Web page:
US9436940B2 - Embedded secure element for authentication, storage and transaction within a mobile terminal - Google Patents

Embedded secure element for authentication, storage and transaction within a mobile terminal Download PDF

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US9436940B2
US9436940B2 US13/544,893 US201213544893A US9436940B2 US 9436940 B2 US9436940 B2 US 9436940B2 US 201213544893 A US201213544893 A US 201213544893A US 9436940 B2 US9436940 B2 US 9436940B2
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secure element
secure
mobile device
user
processor
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US20140013406A1 (en
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Christophe TREMLET
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Maxim Integrated Products Inc
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Maxim Integrated Products Inc
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    • GPHYSICS
    • G06COMPUTING; CALCULATING; COUNTING
    • G06QDATA PROCESSING SYSTEMS OR METHODS, SPECIALLY ADAPTED FOR ADMINISTRATIVE, COMMERCIAL, FINANCIAL, MANAGERIAL, SUPERVISORY OR FORECASTING PURPOSES; SYSTEMS OR METHODS SPECIALLY ADAPTED FOR ADMINISTRATIVE, COMMERCIAL, FINANCIAL, MANAGERIAL, SUPERVISORY OR FORECASTING PURPOSES, NOT OTHERWISE PROVIDED FOR
    • G06Q20/00Payment architectures, schemes or protocols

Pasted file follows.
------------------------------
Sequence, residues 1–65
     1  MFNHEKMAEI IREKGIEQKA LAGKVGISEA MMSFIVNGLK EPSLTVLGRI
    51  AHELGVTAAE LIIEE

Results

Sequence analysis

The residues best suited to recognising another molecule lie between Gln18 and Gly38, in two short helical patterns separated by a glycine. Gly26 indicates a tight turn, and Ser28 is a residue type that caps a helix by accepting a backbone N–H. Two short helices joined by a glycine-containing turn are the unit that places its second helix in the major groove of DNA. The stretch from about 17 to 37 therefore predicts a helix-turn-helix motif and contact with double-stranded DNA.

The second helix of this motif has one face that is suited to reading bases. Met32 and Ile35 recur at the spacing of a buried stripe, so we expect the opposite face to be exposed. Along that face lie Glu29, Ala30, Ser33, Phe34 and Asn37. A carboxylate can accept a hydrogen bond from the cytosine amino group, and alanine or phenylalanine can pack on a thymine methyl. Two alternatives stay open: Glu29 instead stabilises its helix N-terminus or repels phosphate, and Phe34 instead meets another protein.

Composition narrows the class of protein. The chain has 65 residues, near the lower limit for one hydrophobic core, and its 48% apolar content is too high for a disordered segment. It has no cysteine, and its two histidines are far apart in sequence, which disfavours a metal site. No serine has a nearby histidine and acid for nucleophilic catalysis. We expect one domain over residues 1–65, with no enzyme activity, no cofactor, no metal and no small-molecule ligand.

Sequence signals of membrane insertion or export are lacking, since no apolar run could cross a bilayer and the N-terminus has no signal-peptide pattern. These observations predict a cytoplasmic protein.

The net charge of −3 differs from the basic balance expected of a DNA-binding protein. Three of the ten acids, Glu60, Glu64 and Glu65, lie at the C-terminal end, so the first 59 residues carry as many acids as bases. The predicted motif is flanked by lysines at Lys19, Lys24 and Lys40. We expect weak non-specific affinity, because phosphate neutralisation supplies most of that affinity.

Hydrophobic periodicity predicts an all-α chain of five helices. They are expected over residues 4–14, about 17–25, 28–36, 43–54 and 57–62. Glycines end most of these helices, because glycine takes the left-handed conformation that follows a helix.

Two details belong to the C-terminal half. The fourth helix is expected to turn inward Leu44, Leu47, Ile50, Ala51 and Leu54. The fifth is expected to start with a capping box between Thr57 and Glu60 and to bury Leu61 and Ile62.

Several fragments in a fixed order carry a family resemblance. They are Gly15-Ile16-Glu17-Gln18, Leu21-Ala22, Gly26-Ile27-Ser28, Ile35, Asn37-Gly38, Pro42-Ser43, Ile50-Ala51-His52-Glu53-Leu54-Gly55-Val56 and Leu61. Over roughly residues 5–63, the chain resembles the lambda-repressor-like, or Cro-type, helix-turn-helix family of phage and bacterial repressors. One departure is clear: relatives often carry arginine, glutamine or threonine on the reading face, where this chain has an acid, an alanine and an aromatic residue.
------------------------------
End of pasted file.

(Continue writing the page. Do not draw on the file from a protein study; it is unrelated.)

• G06Q20/30Payment architectures, schemes or protocols characterised by the use of specific devices
    • G06Q20/32Payment architectures, schemes or protocols characterised by the use of specific devices using wireless devices
    • G06Q20/322Aspects of commerce using mobile devices [M-devices]
    • G06Q20/3227Use of a security embedded in M-devices
    • GPHYSICS
    • G06COMPUTING; CALCULATING; COUNTING
    • G06FELECTRIC DIGITAL DATA PROCESSING
    • G06F21/00Security arrangements for protecting computers, components thereof, programs or data against unauthorised activity
    • G06F21/30Authentication, i.e. establishing the identity or authorisation of security principals
    • G06F21/31User authentication
    • G06F21/32User authentication using biometric data, e.g. fingerprints, iris scans or voiceprints
    • GPHYSICS
    • G09EDUCATION; CRYPTOGRAPHY; DISPLAY; ADVERTISING; SEALS
    • G09CCODING OR CIPHERING APPARATUS FOR CRYPTOGRAPHIC OR OTHER PURPOSES INVOLVING THE NEED FOR SECRECY
    • G09C1/00Apparatus or methods whereby a given sequence of signs, e.g. an intelligible text, is transformed into an unintelligible sequence of signs by transposing the signs or groups of signs or by replacing them by others according to a predetermined system
    • HELECTRICITY
    • H01BASIC ELECTRIC ELEMENTS
    • H01LSEMICONDUCTOR DEVICES; ELECTRIC SOLID STATE DEVICES NOT OTHERWISE PROVIDED FOR